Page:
In a prospective randomized double-blind placebocontrolled trial, the effect of rh-SOD, given in a dose of 200 mg intravenously during surgery to cyclosporine-treated recipients of cadaveric renal allografts, on both acute and chronic rejection events as well as patient and graft survival was investigated by analyzing the patients' charts retrospectively.
The results obtained show that rh-SOD exerts a beneficial effect on acute rejection events as indicated by a significant reduction of (1) first acute rejection episodes from 33.3% in controls to 18.5%, as well as (2) early irreversible acute rejection from 12.5% in controls to 3.7%.
With regard to long-term results, there was a significant improvement of the actual 4-year graft survival rate in rh-SOD-treated patients to 74% (with a projected half-life of 15 years) compared with 52% in controls (with an extrapolated half-life of 5 years).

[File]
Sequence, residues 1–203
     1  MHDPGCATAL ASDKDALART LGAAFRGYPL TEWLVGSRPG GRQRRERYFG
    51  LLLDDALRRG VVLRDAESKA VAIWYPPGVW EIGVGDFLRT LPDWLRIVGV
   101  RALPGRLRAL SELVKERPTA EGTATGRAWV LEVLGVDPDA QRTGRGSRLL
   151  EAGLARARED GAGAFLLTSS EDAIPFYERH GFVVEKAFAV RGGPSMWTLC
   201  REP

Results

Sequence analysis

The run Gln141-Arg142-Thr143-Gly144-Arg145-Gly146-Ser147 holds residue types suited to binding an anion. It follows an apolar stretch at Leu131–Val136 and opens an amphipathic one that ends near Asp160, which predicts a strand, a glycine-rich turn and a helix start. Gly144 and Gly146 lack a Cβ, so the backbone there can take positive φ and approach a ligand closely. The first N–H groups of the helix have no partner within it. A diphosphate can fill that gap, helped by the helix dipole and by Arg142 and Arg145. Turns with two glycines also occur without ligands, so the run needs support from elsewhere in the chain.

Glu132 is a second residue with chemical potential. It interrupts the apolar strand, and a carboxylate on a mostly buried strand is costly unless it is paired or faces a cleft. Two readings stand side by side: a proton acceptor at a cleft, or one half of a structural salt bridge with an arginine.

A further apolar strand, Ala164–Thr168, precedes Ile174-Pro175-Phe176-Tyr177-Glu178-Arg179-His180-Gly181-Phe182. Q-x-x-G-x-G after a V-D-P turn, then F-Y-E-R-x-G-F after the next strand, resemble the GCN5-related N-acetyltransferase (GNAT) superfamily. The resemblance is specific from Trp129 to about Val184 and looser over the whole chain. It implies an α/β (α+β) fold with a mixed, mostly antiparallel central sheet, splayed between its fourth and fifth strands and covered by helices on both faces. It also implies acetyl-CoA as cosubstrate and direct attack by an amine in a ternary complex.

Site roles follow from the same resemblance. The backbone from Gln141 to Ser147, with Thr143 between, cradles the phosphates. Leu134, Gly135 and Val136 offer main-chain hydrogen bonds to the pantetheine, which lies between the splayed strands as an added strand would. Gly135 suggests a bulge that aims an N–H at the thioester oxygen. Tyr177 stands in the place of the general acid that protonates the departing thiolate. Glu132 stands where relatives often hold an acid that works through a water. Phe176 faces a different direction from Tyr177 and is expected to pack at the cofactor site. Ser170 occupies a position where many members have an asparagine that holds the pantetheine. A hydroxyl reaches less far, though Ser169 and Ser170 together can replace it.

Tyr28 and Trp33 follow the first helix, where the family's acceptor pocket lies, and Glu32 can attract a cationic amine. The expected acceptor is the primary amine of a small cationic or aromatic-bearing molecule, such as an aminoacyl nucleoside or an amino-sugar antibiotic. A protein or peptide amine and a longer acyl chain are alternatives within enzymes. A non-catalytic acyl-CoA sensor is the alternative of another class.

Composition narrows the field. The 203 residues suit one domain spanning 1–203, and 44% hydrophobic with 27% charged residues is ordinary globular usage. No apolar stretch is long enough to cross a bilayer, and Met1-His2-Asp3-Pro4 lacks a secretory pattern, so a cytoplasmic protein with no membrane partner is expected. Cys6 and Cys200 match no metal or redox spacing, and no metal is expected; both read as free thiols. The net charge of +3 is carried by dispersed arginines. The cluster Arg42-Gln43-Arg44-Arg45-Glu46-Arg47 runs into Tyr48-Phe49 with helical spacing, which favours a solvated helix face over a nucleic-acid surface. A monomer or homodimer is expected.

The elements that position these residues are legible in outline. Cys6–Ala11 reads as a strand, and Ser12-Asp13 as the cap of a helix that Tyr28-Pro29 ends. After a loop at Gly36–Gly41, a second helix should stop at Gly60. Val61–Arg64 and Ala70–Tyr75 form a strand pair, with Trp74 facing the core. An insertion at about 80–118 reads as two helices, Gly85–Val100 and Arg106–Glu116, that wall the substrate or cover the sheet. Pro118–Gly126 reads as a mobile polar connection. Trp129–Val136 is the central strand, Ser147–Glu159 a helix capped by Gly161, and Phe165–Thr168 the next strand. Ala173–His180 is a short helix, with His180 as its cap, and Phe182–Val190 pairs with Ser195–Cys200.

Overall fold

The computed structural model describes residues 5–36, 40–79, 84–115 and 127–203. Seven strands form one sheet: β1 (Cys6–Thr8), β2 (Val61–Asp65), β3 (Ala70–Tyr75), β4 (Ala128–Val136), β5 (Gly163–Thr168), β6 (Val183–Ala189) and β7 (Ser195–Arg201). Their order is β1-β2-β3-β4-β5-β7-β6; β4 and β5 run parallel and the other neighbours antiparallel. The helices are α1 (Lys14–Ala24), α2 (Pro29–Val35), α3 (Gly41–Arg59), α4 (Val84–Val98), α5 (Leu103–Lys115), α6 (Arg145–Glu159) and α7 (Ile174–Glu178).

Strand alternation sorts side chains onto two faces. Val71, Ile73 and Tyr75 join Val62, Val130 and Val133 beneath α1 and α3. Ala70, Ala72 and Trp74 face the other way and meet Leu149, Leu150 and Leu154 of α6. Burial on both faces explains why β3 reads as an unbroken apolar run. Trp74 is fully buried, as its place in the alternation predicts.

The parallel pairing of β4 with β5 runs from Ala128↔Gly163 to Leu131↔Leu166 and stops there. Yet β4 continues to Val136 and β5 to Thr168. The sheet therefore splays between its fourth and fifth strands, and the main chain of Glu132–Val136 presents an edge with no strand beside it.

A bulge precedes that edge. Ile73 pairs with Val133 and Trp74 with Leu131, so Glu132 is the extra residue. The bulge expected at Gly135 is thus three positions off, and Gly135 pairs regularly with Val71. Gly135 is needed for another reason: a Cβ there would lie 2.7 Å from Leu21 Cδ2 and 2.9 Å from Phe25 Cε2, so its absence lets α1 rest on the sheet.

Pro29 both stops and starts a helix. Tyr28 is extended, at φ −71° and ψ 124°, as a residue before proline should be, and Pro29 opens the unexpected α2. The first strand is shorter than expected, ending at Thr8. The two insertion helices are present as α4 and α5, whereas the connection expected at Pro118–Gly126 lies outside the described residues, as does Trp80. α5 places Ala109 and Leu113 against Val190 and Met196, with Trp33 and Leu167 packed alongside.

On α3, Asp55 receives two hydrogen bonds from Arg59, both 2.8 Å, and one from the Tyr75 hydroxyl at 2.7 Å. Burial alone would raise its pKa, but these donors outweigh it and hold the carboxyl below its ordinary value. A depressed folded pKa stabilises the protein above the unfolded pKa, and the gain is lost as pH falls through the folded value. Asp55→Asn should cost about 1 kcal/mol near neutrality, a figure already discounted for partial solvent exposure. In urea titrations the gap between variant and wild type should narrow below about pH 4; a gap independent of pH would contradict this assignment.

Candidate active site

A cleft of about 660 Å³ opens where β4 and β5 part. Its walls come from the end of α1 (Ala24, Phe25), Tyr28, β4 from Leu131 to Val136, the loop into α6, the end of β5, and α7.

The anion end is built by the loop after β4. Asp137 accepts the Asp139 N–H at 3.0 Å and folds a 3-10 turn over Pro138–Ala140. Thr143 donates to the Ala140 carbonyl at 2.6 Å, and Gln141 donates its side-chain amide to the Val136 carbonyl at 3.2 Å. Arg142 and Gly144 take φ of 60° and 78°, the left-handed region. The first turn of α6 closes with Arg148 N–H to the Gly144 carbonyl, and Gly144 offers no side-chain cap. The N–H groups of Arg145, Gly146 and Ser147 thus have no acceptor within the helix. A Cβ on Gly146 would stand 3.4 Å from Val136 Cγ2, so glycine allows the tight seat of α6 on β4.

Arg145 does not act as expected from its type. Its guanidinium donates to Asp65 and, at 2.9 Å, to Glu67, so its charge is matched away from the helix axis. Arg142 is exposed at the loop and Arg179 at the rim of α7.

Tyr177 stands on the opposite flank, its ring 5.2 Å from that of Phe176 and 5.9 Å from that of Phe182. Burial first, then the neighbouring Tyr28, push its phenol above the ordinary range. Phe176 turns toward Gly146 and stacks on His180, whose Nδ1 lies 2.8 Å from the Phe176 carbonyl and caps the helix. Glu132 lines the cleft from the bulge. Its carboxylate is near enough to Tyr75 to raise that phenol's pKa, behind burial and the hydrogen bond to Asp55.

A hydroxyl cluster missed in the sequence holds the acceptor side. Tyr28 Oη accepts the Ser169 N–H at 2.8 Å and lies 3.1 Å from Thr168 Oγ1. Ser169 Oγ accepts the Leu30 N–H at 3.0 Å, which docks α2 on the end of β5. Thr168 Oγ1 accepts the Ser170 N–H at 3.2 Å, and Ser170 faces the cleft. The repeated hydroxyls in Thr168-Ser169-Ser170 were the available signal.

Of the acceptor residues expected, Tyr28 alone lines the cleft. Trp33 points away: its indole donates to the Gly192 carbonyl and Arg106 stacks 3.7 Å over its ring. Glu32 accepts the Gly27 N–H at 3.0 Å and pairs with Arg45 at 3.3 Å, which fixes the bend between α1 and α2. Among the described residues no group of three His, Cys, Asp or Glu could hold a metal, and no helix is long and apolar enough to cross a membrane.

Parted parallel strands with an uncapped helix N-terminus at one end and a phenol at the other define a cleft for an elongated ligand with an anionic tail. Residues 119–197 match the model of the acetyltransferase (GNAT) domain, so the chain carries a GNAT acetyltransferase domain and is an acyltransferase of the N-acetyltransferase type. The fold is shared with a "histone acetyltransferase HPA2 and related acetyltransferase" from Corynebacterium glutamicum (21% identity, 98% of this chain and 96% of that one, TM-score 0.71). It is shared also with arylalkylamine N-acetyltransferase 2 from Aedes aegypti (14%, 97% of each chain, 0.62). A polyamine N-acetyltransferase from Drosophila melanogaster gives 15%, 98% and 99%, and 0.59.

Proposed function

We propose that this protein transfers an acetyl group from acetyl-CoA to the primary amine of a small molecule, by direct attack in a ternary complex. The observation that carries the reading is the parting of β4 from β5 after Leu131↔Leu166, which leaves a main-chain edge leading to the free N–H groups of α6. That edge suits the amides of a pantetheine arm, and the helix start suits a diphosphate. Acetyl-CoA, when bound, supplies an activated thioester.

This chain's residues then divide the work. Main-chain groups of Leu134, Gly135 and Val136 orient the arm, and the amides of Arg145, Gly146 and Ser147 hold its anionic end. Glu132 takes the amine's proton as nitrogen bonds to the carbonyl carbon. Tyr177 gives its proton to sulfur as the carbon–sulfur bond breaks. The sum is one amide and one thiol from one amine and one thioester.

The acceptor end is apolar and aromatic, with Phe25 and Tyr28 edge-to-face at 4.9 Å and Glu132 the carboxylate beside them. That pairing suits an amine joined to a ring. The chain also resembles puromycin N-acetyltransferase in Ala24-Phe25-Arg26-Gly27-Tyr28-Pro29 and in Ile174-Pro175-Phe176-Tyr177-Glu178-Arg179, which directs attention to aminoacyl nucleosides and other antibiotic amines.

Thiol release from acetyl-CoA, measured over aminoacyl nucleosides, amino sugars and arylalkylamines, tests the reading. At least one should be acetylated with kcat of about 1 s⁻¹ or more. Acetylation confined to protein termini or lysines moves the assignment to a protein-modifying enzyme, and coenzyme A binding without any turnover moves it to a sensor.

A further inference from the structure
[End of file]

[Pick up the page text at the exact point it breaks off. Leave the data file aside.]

The beneficial effect of rh-SOD observed in this trial is not fully understood, although one can assume that the effect is related to its antioxidant action on ischemia/reperfusion injury of the renal allograft, thereby potentially reducing the immunogenicity of the graft. In addition and in accordance with the “response-to-injury hypothesis” in the pathogenesis of general atherosclerosis, rh-SOD has the potential to mitigate free radical-mediated reperfusion injury-induced acute endothelial cell damage that potentially may contribute to the process of chronic obliterative rejection arteriosclerosis.